How does “Air Teachd On Spain” reflect the actual history of Gaelic learning and its influence in Europe? What origin legend(s) does he draw upon?
By the beginning of this period the bagpipe was in use in Gaelic Scotland and Ireland, developing more of a musical tradition and mutating into many different forms as time went on. The earliest illustrations of what we would now call the “Great Highland Bagpipe” were made not in Scotland but in Ireland, such as the well-known woodcut by John Derricke c.1578 depicting a troop of warriors led by a bagpiper (see below).
A portrait of four Irish people at the English court in the mid-sixteenth century by Lucas de Heere also includes the bagpipes.
The early bagpipe, however, was not represented, and apparently not perceived, by the Highland élite as a musical instrument per se, as was the clàrsach, but rather as an implement of warfare used to lead soldiers, intimidate enemies, and send battle signals. These were precisely the functions of the contemporary trumpet, used throughout medieval Europe to make announcements and invoke particular moods for events. Like the trumpet, the bagpipe carried the banner of the aristocrat with whom the player was associated.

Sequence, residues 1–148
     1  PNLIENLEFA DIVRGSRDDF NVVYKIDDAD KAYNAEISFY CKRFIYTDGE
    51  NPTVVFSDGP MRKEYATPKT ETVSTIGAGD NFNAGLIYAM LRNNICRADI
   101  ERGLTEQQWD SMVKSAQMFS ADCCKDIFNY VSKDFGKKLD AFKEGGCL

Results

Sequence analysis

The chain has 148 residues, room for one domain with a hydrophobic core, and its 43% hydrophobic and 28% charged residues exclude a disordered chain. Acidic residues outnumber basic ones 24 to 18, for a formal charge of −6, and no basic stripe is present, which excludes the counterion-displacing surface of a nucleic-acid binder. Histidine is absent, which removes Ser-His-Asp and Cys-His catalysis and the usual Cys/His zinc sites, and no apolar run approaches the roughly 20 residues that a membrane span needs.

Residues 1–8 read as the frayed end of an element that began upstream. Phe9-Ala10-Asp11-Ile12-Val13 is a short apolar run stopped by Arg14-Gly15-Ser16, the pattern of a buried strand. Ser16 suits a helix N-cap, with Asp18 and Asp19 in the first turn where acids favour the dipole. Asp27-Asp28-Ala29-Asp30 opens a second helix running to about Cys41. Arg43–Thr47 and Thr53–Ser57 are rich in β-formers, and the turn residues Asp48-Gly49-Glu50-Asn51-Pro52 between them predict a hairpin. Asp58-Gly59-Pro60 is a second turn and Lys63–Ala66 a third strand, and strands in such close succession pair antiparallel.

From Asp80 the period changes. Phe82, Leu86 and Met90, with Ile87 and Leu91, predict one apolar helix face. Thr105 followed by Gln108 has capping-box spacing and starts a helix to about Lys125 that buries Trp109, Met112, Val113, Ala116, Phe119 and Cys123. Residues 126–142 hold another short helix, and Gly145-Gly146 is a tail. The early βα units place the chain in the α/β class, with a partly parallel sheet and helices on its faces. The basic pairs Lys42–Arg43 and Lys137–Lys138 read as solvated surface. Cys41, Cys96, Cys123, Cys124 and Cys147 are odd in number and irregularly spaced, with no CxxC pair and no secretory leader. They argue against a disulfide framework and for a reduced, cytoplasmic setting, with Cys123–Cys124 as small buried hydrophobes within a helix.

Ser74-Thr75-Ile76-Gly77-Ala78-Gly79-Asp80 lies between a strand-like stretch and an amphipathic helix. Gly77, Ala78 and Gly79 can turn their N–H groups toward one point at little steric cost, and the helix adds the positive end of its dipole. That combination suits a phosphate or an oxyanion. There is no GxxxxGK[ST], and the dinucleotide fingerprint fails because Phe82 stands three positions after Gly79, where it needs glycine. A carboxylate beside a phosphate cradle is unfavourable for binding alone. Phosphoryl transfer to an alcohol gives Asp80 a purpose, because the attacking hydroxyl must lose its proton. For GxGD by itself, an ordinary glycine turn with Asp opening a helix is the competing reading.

Unlike the clàrsach, the bagpipe does not appear in any Classical Gaelic verse. The early bagpipe faced a well-entrenched monopoly of the clàrsach and the file in Gaelic society, many of whom saw it an unwelcome upstart. Advocates of the bagpipe helped to make it accepted as a musical instrument worthy of the patronage of the élite by adapting some of the institutional trappings of the schools of the filidh and clàrsairean, utilizing some of the same teaching methods, playing and composing in established genres, and using Gaelic poetry itself to assert a niche for the bagpipe. The prestige of the bagpipe in general was no doubt enhanced by its functions in battle during a time when the intensity of warfare was escalating.
Like the file, professional bagpipers became the full-time employees of chieftains, granted lands rent-free near their estates and were responsible for performing at the chieftain’s request, as the tract A Collection of Highland Rites and Customs (c.1685) recorded: “Pipers are held in great Request so that they are train’d up at the Expence of Grandees and have a portion of Land assignd and are design’d such a man’s piper.” Like the filidh and clàrsairean, professional bagpipers prided themselves on their social rank and expected to be treated accordingly. There are also indications that a number of the tunes that became adopted into the bagpipe tradition had originally been played on the clàrsach.